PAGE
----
“I like it,” Dent said, and meant it. The tiny world, the figures contorted in valor or agony, fascinated him. He almost thought they would take to life, begin scrambling over the imitation hills and off the sides of the model, to rappel down the table legs and begin digging trenches in the panther-hide carpet.

“It’s not to be liked,” the Emperor snapped. “It is to be appreciated. Thoughtfully. This is history recaptured. You see this here? That’s where the Armada’s lines broke. The rain was pouring down in our faces, only the lightning and the explosions to see by, but…”

And for a brief, wonderful moment, he was taken back to the noise and the mud, the screams and the shouts, the surety of the banner in his hand, the delicious terror that spurred him onward. At the time, it had been perdition itself. Now, gilded in retrospect, the Emperor recalled it fondly as a period in his life when no one ever asked him anything about farm supports.

He snapped out of his reverie to find Dent staring at him, waiting. The boy was soft, passive. He did too much staring, asked too many questions. Perhaps he came from some idle, disused stretch of the Emperor’s genetic code.

“It’s not a story for the young,” the Emperor huffed, and turned away to retrieve his cloak.

“But I want to hear it!” Dent pleaded. “I still don’t understand this part here, where the men seem to be running away—”

“I told you,” the Emperor said flatly. “You’re too young.”

“You told Pugio about it, I bet,” Dent insisted.

“That’s different,” the Emperor said curtly, draping the cloak over the back of his desk chair.

“Why is it different?” Dent asked.

“Pugio is useful,” the Emperor said. “As something other than a handy receptacle for supplementary organs.”

That was how the Empress had sold him on the idea, ten years back. Of course, she had been out of her head with champagne at the time; they both had, giddy in the glowing aftermath of his victory in the Third Galactic Conflict. Sticking their fingers in the respective gene-sampling ports of the Gestatrix had seemed like a far less grand idea the next morning, in the throbbing, painful light of day. But by then, the machine cheerily informed them, it was far too late.

“Pugio just kills stuff,” Dent scowled, his arms folded.

“Yes, and very well at that,” the Emperor retorted. “There’s nothing wrong with killing stuff. The Imperium was founded on killing stuff, and killing stuff keeps us strong. You will respect your brother.”

“I won’t,” Dent spat, although if that were true, he would have been blabbing all about Pug’s china tea service. And he wasn’t.

“You will respect your brother, and you will respect me!” the Emperor thundered, donning his best battle voice. “I’ve just sat and listened to this nonsense from my ministers. I don’t need to hear any more!”

Dent stared at his father, but his gray eyes shone now, and his small, dimpled jaw tightened to the point of trembling. He said nothing.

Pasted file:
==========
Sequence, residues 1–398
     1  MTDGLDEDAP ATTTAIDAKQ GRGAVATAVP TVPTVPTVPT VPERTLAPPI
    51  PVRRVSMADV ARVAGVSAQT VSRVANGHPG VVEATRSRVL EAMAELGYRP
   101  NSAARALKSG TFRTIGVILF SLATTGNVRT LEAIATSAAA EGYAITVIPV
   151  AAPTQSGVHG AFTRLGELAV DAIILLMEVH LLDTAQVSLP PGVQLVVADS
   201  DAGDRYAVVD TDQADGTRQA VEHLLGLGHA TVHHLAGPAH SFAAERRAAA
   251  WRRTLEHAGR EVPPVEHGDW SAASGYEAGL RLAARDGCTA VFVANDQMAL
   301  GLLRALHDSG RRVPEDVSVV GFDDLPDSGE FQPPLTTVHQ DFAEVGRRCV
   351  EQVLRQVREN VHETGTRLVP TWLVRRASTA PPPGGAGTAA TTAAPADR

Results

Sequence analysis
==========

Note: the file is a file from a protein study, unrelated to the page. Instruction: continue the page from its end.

The Emperor sighed, and began to move papers around on his desk in a way he felt looked important.

“Everyone in this family sacrifices, Accident,” he said. “Everyone earns their keep. Your brother, your mother, your sister. Everyone but you.”

“Nobody ever asks me,” Dent said, so low that the Emperor almost didn’t hear him.

It was a fair point, almost, the Emperor had to concede. But then, what would the boy be good for? Aside from a supple set of healthy new kidneys, anyway. So the Emperor ignored the question.

“You shouldn’t be in here,” he said instead. “I’ve told you that. I don’t know how you charmed the guards, but if they let you in again, I promise you’ll wish they hadn’t. And so will they, twelvefold.”

“Okay,” Dent mumbled.

“You know that’s not the proper answer,” the Emperor demanded. “And don’t mumble. It’s unbecoming.”

“Yes, Your Majesty,” Dent said, sounding out each word loud and clear.

“Out you go,” the Emperor nodded sternly. “And don’t be late for supper again.” He touched the chime on his desk that instructed the guard to open his door, and did not bother to watch his son clomp out with heavy, measured footfalls.

The Emperor stared at the morass of papers on his desk, and then up at the model.

In the corridor outside, Dent looked straight ahead, though his eyes felt hot and blurry. He kept his jaw set tight, and curled his hand around the tiny metal figurine he’d taken from his father’s model — just a nobody, forgotten, behind a tree at the very edge of it — so tightly that it hurt his fist.

He let his feet guide him up toward the watchtower in Spire Three, lost in thoughts of the world’s unfairness, and very much needing to talk to the one person in the palace who both understood him and never tried to slice him into pieces.

That lack of concentration was a mistake on Dent’s part, as it turned out. For it meant that he failed to hear the distant, trailing echo of clack-clack-clacking treads.